Commissioner Elisse B. Walter
June 5, 2013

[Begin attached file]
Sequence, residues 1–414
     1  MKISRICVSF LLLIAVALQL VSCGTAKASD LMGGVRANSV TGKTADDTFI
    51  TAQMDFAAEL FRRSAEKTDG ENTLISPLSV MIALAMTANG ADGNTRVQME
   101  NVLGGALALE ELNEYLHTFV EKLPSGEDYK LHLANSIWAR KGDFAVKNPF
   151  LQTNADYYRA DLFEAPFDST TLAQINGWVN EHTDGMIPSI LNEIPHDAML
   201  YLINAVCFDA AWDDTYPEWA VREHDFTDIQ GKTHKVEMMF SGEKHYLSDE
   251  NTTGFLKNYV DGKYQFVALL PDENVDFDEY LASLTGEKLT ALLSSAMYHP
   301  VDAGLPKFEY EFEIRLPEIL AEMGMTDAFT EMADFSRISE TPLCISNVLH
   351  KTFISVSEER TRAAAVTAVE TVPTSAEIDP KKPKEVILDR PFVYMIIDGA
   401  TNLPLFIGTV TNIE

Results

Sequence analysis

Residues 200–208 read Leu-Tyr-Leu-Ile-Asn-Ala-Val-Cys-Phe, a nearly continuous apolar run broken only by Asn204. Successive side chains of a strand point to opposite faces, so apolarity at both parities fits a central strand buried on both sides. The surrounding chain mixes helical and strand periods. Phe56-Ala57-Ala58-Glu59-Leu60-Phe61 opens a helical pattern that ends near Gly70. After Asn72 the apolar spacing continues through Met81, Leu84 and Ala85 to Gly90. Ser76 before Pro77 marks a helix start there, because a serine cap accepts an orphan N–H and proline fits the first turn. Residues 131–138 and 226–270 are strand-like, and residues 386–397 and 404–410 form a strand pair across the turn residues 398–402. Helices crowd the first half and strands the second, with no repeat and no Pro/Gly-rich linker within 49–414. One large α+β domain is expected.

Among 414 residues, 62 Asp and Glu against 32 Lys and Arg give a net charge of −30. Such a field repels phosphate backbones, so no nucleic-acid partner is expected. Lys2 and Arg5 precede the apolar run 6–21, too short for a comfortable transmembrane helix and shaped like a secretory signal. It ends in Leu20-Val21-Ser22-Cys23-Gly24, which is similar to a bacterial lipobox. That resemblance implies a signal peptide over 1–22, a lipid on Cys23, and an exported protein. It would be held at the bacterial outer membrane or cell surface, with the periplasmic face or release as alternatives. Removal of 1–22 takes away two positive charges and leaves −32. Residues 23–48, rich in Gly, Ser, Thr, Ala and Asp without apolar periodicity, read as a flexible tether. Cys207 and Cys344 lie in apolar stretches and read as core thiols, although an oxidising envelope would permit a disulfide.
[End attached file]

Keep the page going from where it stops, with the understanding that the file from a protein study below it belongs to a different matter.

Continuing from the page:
"The SEC, by virtue of its institutional expertise and statutory authority, is best positioned to implement reforms to address the risk that money market funds present to the economy."1 Although this sounds like it might be a quote from the Commission, I am actually quoting a statement from the Financial Stability Oversight Council's 2013 Annual Report. And I strongly believe that today's proposing release reveals how true that statement is. While all rule releases reflect the work and expertise of many people around the Commission, the product that is before the Commission today is a prime example of collaboration, harnessing expertise from all corners of the agency including staff from a variety of Divisions and Offices and each of the Commissioners and their staffs. Since the beginning of the year, the Commissioners and the staff have been heavily engaged in developing this proposal - committed not just to getting it done, but to getting it done in the right way - a proposal that analyzes the range of alternatives for money market fund reform; a proposal based on a careful analysis of available data by SEC economists, working side by side with the subject matter experts in the Division of Investment Management; a proposal that addresses the risks that money market funds may present to the financial system; and, perhaps most significant, a proposal that addresses the Commission's core mission of protecting investors. Let me touch upon these aspects.